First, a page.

Why May and Khan are in a ‘War of Words’ over Housing

Evening Standard – 13/10/2017 Oddly not on website.  Briefing from No 10 not city Hall.  Thanks to Daniel Bentley for the Pic.

The fatal weakness of PM May is her inability to partner with anyone.  She behaves with everyone like the worst form of hectoring boss.  Contrast her behavior on Friday with that of Lord Adonis and City Mayors in launching the National Infrastructure Assessment   on the same day.

Clearly Gavin Barwell is having an influence, but in giving May more things to panic and strut about not necessarily a good one.

The mistakes on housing, particularly planning for housing land, and the taxation of land, are so longstanding and systemic.  You can’t turn that around in a couple of years.  It would be much better to take bold long term decisions, like on Garden Cities and New Settlements, that will leave a legacy.

But lets look at another reason for Khan’s beration.  London overspill – the elephant in the room of British Planning.

London Annual Shortfall
OAN per year to 2052 Annualised Current London Plan Target Employment led (Oxford E) Total  2016-2032 Total  2016-2052
Shortfall Completions 39,351 42,000 50,000
Typical 25,000 14,351 17,000 25,000 625,000 875,000
Typical +20% 30,000 1,351 12,000 20,000 500,000 700,000
Highpoint 38,000 1,351 4,000 12,000 300,000 420,000
Highpoint +20% 45,600 -6,249 -3,600 4,400 110,000 154,000


What this table shows is scenario planning for different levels of housing shortfall in London over medium and long term planning horizons.  The three target scenario are the OAN derived from the ONS tables, the current London plan target, and the Oxford Economics estimate which Khan in speeches has said the new London Plan will adopt.  So lets go with that one.

In terms of completions I have modelled four scenarios.  The typical completions in London over the last 15 years (outside Great Recession Years), this years estimated figures as a highpoint, unlikely to be repeated, at the top of the market (permissions are slowing down markedly in London), a one off distorted by years of delayed completions from the Great Recession.  To each of these two I added a 20% uplift which assumes new policies in the London Plan to increase housebuilding.  I think by far the most likely scenario is typical +20%.  This leads to an overspill requirement outside London by 2052 of 700,000 dwellings. (note I choose 35 years as that is the time needed to build out to design size a large New Town such ad Milton Keynes or Almere, 2016 is the base for the household projections).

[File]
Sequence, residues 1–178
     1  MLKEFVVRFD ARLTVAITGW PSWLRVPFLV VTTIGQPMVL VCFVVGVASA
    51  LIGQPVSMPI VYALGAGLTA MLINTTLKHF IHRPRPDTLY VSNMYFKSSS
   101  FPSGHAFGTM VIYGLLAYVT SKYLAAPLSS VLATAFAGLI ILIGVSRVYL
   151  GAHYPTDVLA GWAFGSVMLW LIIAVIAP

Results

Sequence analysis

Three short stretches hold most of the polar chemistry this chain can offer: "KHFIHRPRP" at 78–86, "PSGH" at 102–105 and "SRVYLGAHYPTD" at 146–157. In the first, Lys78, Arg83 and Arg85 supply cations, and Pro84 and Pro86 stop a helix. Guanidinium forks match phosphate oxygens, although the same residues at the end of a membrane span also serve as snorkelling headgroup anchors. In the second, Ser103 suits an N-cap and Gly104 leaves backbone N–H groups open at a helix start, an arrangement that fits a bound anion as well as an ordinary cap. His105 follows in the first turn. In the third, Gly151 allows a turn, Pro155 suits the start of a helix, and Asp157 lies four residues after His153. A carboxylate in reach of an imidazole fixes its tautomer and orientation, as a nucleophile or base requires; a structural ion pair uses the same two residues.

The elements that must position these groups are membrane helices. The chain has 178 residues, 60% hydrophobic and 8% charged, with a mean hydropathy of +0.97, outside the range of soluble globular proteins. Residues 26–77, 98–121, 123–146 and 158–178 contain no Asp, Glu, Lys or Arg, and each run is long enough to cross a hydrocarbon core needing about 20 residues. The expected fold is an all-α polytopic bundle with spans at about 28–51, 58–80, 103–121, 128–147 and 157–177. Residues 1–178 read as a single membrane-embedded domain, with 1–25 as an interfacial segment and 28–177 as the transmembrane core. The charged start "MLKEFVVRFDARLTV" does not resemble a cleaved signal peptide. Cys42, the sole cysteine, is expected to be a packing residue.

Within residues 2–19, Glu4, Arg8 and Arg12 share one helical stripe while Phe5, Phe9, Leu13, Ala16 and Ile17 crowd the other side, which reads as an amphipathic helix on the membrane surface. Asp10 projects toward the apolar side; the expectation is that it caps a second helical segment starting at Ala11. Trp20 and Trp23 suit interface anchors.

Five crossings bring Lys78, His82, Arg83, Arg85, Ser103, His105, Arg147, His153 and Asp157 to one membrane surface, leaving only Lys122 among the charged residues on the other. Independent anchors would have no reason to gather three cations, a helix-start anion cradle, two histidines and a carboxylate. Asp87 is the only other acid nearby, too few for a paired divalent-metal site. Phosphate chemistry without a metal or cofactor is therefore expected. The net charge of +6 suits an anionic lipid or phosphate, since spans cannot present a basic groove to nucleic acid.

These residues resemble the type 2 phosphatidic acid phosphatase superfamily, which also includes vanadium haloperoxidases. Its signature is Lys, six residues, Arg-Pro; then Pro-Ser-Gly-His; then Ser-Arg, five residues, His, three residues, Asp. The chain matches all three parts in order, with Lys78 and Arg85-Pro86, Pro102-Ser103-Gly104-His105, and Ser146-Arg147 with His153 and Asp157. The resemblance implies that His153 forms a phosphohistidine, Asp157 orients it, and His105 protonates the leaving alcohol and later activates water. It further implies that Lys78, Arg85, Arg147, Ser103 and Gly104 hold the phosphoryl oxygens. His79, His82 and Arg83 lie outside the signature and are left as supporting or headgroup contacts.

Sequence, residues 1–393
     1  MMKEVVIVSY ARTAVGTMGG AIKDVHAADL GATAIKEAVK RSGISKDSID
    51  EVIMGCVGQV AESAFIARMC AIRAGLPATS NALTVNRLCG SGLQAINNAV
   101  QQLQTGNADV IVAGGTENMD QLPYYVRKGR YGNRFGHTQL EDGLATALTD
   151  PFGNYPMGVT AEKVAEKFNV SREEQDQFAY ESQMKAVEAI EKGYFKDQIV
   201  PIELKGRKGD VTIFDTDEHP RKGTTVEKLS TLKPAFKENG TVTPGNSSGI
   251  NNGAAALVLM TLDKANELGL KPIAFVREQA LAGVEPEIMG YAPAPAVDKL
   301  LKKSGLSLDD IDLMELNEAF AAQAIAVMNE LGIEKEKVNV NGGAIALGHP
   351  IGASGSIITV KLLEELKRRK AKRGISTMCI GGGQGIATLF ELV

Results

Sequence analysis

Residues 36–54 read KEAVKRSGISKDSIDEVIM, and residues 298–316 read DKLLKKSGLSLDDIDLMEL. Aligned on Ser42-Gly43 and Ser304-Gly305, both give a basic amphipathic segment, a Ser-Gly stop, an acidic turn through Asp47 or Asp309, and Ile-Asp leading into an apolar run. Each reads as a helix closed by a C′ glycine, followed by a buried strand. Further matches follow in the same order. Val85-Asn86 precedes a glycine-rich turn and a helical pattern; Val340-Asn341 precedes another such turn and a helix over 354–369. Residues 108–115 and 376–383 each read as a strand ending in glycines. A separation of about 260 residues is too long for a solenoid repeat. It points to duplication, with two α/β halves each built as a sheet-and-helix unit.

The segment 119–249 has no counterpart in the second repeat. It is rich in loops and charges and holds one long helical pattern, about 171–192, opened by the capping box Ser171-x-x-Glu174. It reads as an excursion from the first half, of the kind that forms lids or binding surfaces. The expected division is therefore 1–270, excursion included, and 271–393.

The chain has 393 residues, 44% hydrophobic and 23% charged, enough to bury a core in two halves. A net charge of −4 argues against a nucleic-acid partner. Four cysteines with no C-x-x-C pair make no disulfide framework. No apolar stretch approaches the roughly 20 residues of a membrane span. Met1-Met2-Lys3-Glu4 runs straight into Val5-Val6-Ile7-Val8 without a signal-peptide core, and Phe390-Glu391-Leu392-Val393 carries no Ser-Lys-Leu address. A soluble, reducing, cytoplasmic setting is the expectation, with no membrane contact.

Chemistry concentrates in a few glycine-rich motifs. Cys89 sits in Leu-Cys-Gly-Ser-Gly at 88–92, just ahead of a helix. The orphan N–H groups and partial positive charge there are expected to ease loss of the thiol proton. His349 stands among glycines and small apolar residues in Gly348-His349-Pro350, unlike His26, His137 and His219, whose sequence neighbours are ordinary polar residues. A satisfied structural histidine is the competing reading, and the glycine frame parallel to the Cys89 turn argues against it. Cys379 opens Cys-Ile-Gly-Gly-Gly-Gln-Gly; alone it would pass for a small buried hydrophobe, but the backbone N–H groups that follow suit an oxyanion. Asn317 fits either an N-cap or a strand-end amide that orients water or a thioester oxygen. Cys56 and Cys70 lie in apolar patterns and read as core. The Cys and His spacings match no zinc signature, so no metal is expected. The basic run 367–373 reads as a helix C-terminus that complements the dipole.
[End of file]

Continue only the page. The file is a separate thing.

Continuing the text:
This is what is driving Mays panic, unless there is a doubling of completions in London there will need to be massive overspill to the shires.  The DCLG know this.  They have the data.

So how realistic is it for the Great Wen to consume all its own smoke?

700,000 dwellings = 5,833 40 Storey Tower Blocks

Hong Kong Worlds Tallest urban agglomeration has 1,303 = up to 4.4 Hong Kongs of Tower Blocks

Do we want to see this Asian Style Vertical Sprawl?

Evidence strongly that at these densities diseconomies of congestion strongly outweigh positive urban agglomeration effects (Rappaport 2008)

Mayor of London – Post Grenfell – looking at alternative to tower blocks in
Revised London Plan

At 10 Storey Olympic Village Density – 335 DPH needs 1,791 Ha – 62.5 Olympic villages, 73.2 Aylesbury Estates – 8.06 sq miles –
Westminster=8.29 Sq miles

Equivalent to All Large Scale Housing Estates in London Capable of Demolition 1,750 HA (Complete Streets/Savills for Cabinet Office 2015)

At Least £5 billion cost of demolition plus cost of rehousing – we know post Grenfell nowhere to decant to (Professor Anne Powers estimate)

At Complete Streets favoured mansion block density 135 dph only capable of 1/3 this number

Equivalent to 10 Park Royals at Complete Streets Densities

So at Complete Streets densities need to knock down all of London’s Large Estates, All its Strategic Employment Sites and then start knocking down semi detached London

Every City that has tried development on this scale and density in recent years – e.g. Moscow, Harare, Seoul has seen mass protest, mass corruption, failure of developers after mass demolitions, overcrowding from decants and political climbdowns. Unlikely to be possible in a democracy.

Its politically impossible.  Khan knows this.  May sadly is not sharp enough to realise this and worries about ‘concreting over the countryside’ like the old style Tory she is.




2 thoughts on “Why May and Khan are in a ‘War of Words’ over Housing

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